How much real-time communication is needed with your other offices?  Whilst it’s usually possible to hire staff who work nights or non-standard shifts, it’s much more difficult to retain them, and it’s especially difficult to get good management.  If it’s data processing work, then work on the other side of the planet where the time difference will help (they work while you sleep), if it’s high-contact, think North-South.

  1. Will the team have the right language skills?

While you may assume the staff you’ll hire will speak and write English, it’ll be their second language in almost all countries, and there are many kinds of English, not just British and American!  Think carefully about what communications you will need, written and spoken.

  1. How easy will it be to hire and retain staff in the future?

Even if it looks easy to hire the staff you need now, think ahead.  If you’ve picked a location which other multinationals are planning to set up in, it’s likely that the competition for skilled staff will drive wage inflation and increase employee turnover.

  1. Will applicants be right for the job?

There’s probably nothing that gets lost in translation more than a job description!  Straight translations hardly ever work, even for defined qualifications – advertising needs to be drafted in consultation with local HR specialists to ensure the right cultural angles are considered.

  1. What other skill sets are readily available?

You’ll know exactly what operations you want performed now, and the skill sets you need for those, but again, think ahead.  Most businesses setting up abroad only think about moving specific tasks.  However, once it’s successful, you should want your SSC to take on a wider scope and responsibility – and remember that the higher-skilled the job, the bigger the saving by doing it overseas instead of back home.

  1. How fast are wages likely to rise?

Salaries in developing countries almost always rise faster than back home – annual rates of 8-15% are common.  In some countries, wage rises are government mandated.  And, of course, any merit increases go on top!  You need to plan costs for 5 years ahead and plan to stay on top of achieving productivity improvements year after year.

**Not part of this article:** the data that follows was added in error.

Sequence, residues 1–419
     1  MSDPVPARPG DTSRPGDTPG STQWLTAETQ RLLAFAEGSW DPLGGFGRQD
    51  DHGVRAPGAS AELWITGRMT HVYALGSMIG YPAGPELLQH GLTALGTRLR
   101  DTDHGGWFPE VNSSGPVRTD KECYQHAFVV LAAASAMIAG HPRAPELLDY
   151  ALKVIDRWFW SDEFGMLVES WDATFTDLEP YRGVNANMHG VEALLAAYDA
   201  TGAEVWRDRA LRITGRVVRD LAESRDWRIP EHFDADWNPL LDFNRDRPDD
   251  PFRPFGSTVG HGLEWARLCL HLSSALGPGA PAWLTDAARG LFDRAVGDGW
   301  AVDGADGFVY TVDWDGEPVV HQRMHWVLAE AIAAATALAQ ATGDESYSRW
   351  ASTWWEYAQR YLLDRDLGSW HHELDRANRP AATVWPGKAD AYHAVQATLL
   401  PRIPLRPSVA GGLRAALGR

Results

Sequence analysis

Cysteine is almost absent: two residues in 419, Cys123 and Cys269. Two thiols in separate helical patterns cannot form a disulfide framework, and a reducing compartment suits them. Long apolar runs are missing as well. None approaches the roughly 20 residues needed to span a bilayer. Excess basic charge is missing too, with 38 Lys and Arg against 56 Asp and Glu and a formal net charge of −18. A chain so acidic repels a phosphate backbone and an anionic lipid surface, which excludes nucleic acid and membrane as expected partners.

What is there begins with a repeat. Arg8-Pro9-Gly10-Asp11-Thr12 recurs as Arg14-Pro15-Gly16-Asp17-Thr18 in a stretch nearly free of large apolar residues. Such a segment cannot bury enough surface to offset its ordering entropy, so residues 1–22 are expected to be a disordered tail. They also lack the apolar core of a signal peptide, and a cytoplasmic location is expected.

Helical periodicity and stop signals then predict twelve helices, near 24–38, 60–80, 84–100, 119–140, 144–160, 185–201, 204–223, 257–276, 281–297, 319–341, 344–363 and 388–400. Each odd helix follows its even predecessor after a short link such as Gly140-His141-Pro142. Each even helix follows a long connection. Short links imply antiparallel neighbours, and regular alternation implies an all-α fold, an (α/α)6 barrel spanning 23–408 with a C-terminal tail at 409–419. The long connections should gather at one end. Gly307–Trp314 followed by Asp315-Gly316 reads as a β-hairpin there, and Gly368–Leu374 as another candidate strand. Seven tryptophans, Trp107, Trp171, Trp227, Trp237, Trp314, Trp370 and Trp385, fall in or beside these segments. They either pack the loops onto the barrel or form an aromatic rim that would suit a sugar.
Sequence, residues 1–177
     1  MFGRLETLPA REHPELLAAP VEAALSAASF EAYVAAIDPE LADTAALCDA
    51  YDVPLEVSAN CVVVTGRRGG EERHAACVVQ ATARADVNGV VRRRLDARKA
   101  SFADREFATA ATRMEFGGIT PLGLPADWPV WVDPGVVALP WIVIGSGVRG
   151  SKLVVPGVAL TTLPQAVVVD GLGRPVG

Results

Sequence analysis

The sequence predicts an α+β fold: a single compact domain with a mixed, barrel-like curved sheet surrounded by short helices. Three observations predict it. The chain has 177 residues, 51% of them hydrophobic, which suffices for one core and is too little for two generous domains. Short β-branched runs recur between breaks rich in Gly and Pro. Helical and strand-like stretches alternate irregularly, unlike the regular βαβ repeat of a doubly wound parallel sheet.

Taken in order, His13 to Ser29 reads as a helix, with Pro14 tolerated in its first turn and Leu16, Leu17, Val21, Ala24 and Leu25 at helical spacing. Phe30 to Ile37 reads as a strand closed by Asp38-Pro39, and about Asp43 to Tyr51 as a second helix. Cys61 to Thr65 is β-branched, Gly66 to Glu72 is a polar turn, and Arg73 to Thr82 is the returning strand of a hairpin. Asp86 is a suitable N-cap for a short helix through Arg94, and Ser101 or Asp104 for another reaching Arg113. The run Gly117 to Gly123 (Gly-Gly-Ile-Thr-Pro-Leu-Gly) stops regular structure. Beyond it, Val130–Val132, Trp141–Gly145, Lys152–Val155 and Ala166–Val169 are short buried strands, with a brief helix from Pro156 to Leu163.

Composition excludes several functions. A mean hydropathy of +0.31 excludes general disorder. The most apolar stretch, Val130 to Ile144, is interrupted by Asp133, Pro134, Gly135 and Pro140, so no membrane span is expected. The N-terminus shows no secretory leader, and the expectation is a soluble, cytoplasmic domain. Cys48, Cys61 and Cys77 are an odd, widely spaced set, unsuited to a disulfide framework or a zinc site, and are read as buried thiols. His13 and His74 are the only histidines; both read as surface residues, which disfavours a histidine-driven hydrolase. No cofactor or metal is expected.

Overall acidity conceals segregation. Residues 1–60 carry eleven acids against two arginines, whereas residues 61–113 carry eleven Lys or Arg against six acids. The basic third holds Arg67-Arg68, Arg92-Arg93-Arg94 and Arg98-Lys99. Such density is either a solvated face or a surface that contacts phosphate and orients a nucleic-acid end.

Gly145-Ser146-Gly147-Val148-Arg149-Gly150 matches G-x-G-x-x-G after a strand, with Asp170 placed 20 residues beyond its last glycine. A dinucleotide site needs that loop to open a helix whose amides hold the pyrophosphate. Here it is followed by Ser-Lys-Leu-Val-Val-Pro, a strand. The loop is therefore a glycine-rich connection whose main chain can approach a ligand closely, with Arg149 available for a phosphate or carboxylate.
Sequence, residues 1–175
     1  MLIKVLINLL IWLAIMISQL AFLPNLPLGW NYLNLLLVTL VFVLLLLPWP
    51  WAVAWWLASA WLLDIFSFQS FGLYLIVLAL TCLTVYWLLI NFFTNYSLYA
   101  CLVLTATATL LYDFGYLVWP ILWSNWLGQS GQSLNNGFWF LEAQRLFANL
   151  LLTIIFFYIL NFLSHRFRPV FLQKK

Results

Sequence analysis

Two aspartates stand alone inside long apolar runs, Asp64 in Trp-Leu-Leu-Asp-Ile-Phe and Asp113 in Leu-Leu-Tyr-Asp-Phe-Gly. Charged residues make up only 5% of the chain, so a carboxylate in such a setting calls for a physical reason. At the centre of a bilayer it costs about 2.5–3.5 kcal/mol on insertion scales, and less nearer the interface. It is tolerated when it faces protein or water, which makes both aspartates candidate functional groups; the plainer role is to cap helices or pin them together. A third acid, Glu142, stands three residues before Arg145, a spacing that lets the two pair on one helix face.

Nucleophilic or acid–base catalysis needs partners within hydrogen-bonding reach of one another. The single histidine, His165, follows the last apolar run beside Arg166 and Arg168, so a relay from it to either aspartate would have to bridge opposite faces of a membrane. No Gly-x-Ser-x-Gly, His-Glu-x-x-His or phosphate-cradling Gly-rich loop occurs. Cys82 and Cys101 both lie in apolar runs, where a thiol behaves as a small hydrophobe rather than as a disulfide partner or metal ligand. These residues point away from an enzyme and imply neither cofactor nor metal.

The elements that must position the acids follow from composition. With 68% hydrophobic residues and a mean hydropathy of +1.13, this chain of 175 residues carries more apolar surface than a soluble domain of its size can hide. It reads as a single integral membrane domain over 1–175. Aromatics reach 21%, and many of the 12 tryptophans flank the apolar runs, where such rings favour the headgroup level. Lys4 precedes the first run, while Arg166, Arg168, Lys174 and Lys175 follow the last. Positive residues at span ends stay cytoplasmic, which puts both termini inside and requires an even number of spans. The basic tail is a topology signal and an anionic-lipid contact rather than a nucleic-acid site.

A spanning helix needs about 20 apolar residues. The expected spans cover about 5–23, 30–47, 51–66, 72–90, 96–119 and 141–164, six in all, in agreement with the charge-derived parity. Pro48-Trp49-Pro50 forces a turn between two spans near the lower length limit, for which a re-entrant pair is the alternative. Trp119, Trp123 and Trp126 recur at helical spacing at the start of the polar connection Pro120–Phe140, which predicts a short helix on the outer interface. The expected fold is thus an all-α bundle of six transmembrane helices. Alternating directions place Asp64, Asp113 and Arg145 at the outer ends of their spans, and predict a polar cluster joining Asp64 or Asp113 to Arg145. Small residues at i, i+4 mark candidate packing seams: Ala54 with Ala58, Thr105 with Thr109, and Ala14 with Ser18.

1. How easy is it to get to?

With good local management, you won’t need to rely on expats located there – but to be fully successful, you will need a lot of regular visits from the mother ship, both by those who can give training and support and by some of the top CXO team.  Enthusiasm for travel quickly wears thin if it’s a horrible journey – you and your colleagues will need to travel there year after year.  Also, when things go wrong, you may need to get people there in a hurry.  So don’t only look for locations with daily direct flights, but consider the door-to-door journey time and the jetlag effect.

  1. Is it a nice place to visit?

OK, you’ll only ever be going on business – but let’s face it, you and your colleagues are much more likely to visit frequently (and thereby help develop the operation) if you enjoy going there – so this really is a critical consideration.  Good weather, tourist attractions, food that you like and a happy culture all help.

  1. How will your staff commute to and from work?

Understanding this can be critical to staff retention and operational management.  If the only way home is by bus, and the last one leaves at 18:30, they won’t ever stay late.  If they have a 2-hour commute each way by train, any new job offer that comes along with a shorter commute could be very tempting!  These aren’t exaggerations, but true examples applying to many staff in two common outsourcing locations.

  1. How useful will it be as a base to develop new regional business?

You might only be interested in setting up a SSC today, but, depending on your Company’s business, it’s well worth thinking about how the operation could serve as a future sales and marketing hub for the country or region where you are setting up.  Setting up the initial operation can be costly, but adding functionality later is usually straightforward and cheap.

 

The Elusive Prize – achieving a Common Corporate Identity when expanding overseas

by Oliver Dowson, CEO, International Corporate Creations Ltd

When expanding abroad – especially when setting up operations like Shared Service Centres that will take over work previously done in-country – there’s always an aspiration to achieve and maintain a common “Company Culture”. Unfortunately, many companies fail. I’ve met with management of many international subsidiaries of multinationals all around the world – and conclude that finding common corporate identity at the human level is disappointingly rare. Often it feels like the only thing that’s common is the logo over the reception desk!